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Pest fish found in Lake Rotoiti
18 March 2016

One catfish was caught and a second one seen during weed harvester work at Te Weta Bay, Lake Rotoiti last Wednesday. The caught catfish is 26cm long and thought to be a pest species known as brown bullhead catfish (Ameiurus nebulosus).  

Bay of Plenty Regional Council Biosecurity Manager Greg Corbett said that the pest find is very disappointing.

“Catfish have become widespread in Waikato waterways, including Lake Taupō. We’ve done dive and net searches for catfish before in response to reported sightings in Lakes Tarawera, Ōkāreka and Rotoiti, but this is the first time a live catfish has been found in the Bay of Plenty. A dead one was found on the shoreline at Lake Rotoiti in 2009,” he said.

Mr Corbett said together with Department of Conservation and Fish and Game NZ, his staff will now search for more catfish so they can ascertain how widespread the problem is and explore feasible control options.

“We’ll be working with stakeholders such as Te Arawa Lakes Trust and technical experts from NIWA and the University of Waikato as we progress that work,” he said.

The catfish were found by Bay of Plenty Regional Council contractors who were clearing weed to help improve water quality in the lake.

“It’s a surprising find, given Regional Council has worked hard to keep new pests out of the Rotorua lakes through regular surveillance and public advocacy. Catfish can be difficult to detect at low densities. Lake Rotoiti was last checked for catfish earlier this year and none were found,” Mr Corbett said.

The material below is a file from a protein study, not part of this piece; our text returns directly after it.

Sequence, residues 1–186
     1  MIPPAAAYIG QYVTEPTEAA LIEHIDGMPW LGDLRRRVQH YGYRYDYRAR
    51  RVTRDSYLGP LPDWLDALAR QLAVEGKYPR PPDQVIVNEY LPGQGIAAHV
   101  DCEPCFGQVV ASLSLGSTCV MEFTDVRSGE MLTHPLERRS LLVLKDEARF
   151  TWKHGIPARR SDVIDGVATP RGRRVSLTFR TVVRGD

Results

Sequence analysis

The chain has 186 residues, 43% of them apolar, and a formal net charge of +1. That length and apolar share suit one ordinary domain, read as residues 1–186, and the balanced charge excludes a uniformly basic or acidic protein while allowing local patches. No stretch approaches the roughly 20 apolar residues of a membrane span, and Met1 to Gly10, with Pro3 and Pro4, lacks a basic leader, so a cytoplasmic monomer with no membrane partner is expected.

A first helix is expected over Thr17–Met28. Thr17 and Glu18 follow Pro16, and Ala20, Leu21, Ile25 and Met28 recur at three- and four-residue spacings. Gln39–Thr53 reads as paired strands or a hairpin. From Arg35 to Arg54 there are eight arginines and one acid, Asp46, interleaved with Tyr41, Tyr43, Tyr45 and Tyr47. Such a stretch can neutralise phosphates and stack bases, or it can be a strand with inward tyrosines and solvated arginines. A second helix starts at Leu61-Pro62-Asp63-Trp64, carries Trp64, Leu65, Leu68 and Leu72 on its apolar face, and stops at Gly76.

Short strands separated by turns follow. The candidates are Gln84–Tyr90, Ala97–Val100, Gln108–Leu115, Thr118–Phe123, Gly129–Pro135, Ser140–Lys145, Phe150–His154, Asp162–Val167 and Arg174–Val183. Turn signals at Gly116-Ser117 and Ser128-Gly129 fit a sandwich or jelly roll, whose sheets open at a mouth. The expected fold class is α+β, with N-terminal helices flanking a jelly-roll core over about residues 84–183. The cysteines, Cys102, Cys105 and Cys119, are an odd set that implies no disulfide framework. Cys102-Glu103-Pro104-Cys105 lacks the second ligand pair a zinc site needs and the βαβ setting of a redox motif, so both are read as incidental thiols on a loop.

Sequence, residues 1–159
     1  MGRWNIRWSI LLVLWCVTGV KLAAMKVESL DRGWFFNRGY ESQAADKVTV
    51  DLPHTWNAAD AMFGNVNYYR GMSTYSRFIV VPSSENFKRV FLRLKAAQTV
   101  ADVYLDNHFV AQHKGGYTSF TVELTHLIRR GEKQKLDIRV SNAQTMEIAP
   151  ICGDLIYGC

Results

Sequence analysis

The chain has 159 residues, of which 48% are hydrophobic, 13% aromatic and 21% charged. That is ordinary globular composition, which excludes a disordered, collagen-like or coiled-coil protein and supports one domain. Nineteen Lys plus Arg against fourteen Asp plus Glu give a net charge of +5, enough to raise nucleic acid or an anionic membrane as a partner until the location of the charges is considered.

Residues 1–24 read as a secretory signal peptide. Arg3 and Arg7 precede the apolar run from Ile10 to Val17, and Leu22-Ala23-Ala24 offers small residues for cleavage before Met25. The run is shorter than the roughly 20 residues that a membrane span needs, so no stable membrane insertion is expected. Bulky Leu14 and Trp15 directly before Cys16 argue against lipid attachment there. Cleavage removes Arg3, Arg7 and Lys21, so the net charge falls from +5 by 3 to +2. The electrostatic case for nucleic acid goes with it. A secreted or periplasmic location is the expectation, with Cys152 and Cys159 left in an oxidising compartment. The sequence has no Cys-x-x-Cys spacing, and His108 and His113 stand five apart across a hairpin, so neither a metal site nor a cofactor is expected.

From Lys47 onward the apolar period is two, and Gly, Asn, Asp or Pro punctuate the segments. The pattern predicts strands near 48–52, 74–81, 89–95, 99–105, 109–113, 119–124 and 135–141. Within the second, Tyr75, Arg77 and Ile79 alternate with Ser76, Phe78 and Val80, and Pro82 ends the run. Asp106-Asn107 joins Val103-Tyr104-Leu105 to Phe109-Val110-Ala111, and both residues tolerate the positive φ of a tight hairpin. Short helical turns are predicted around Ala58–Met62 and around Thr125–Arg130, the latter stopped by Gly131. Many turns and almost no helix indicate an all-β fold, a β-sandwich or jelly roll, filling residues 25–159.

While large trout may feed on them, catfish are an unwanted pest because they feed on small native fish, trout and their eggs. Catfish also compete for food with other native species, including koura (freshwater crayfish). In high numbers, catfish can degrade water quality when they stir up sediments to feed, making water murky and unpleasant for lake users and wildlife.

Mr Corbett said there’s an historic account of an accidental live catfish transfer into Lake Rotoiti approximately 20 years ago. The latest find may have been a deliberate release or the result of accidently transfer as fish eggs on weed fragments attached to an unclean boat, trailer or other water sports equipment.

“This highlights the importance of checking and cleaning all equipment before using it in a different waterway, every time. The public can help us to manage this problem by being vigilant about equipment hygiene and reporting any cat fish or other pest sightings or illegal releases to us by calling 0800 STOP PESTS (0800 786 773).

Further information about freshwater pests, including catfish is available at www.boprc.govt.nz/aquaticpests

Further information:

Where are catfish from?

Brown bullhead catfish (Ameiurus nebulosus) are native to North America. They were introduced into New Zealand in 1877.

What do catfish look like?

  • Catfish are dark brown to olive green colour with paler sides and creamy bellies.
  • They grow to a length of 500 mm.
  • Catfish have a thick body and flattened head with a distinct hump behind the head.
  • The skin is thick and leathery with a layer of mucous. Scales are absent.
  • Four pairs of barbels are present around the mouth, with a single long one at each corner of the mouth, a pair in front of the eyes on the snout, and two pairs beneath the chin.
  • The leading edge on their dorsal and pectoral fins has a sharp toxic spine

Where are they found?

Catfish are generally found in slow or still freshwater environments though they are adaptable and can inhabit most freshwater systems. They can survive for very long periods out of water and are tolerant of poor quality environments.

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